ABERDEEEN – The majority of team members associated with The Pointe shopping center project explained specifics, from architectural plans to drainage, during the planning and zoning commission’s May 10. While the commission has not approved a permit yet, members tentatively agreed to take a telephone vote after a hydraulics study is completed by engineer Dustin Dabbs.
“I’ve been dreaming of this for ages. I’d go by that property and look at it, and we’re finally seeing it come together,” said Ricky Bowen, who owns the property and is part of the development team.
The shopping center will be anchored by a Piggly Wiggly, which is larger than its current location downtown, and will include an urgent care clinic; an athletics store offering shoes and other items; and one other retail parcel.
“Each store is 4,700 square feet in actuality except the Piggly Wiggly, and the Piggly Wiggly is 15,000 square feet,” Bowen said. “The Pig is going to feature a larger store that will actually do food like they do in Amory.”
He said the urgent care clinic will be open from 7 a.m. until midnight and have a nurse practitioner and counselors. Bowen said a charging station will also be available at The Pointe to accommodate four electric vehicles.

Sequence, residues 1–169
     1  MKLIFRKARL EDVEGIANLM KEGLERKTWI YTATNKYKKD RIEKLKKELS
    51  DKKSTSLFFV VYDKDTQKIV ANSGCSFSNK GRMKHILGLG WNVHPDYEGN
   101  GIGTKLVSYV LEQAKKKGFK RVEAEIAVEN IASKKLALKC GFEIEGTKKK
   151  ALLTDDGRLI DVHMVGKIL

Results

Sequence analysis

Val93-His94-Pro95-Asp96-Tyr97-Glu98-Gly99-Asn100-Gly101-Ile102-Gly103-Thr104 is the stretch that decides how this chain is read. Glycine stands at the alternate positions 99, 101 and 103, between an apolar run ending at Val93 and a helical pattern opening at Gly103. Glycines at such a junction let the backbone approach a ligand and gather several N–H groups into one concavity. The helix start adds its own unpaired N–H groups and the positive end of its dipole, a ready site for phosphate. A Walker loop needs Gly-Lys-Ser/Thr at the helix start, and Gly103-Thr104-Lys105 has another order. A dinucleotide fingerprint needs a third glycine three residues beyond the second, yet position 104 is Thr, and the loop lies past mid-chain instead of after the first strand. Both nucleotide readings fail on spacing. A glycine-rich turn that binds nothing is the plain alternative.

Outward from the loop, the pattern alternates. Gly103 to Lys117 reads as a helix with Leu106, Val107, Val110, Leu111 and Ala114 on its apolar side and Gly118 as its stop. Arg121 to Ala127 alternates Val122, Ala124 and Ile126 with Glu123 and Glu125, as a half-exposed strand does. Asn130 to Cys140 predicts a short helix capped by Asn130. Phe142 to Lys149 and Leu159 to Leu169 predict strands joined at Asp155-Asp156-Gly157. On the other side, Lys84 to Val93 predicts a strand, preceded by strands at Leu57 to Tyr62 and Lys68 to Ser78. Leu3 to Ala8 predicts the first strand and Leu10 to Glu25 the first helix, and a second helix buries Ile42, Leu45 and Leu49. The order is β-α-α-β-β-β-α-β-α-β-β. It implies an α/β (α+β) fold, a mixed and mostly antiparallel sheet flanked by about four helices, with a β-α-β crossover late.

Aberdeen native Katina Holliday-Wiseman, who lives in Los Angeles, is the owner of the shopping center.
Dirt work has already begun on the site, located at the intersection of Highways 45 and 8, and a metal building has already been ordered.
John Hanna Jr. of Hanna Contracting assured concerns about drainage for the neighboring Monroe County Agriculture Complex and Fresenius Kidney Care. Water from the location will ultimately flow to a pond next to the Aberdeen Country Club and onward to the city’s drainage ditch that flows alongside Wendy’s.
“All the water that’s there is going that direction, and this new design will continue to catch the water that’s here,” Hanna said.
He said developers are working with the city to try getting a fire hydrant with the new development, which would benefit the agriculture complex and dialysis center.
In other business, Sammie Burroughs Jr. made his first appearance before the planning and zoning commission regarding his interest in opening a bar and grill on property he owns near America’s Best Value Inn.
“Our beer ordinance says you have to have 50 percent of your gross receipts to be food, so have a heavy accent on the grill part,” said planning commissioner Jim Edwards.
City inspector Roy Haynes asked Burroughs to bring blueprints back for further guidance and advised him to apply for his beer permit with the state.
Burroughs also asked about a utility pole being installed on the property for a generator to run his food truck, which planning commissioners said was okay.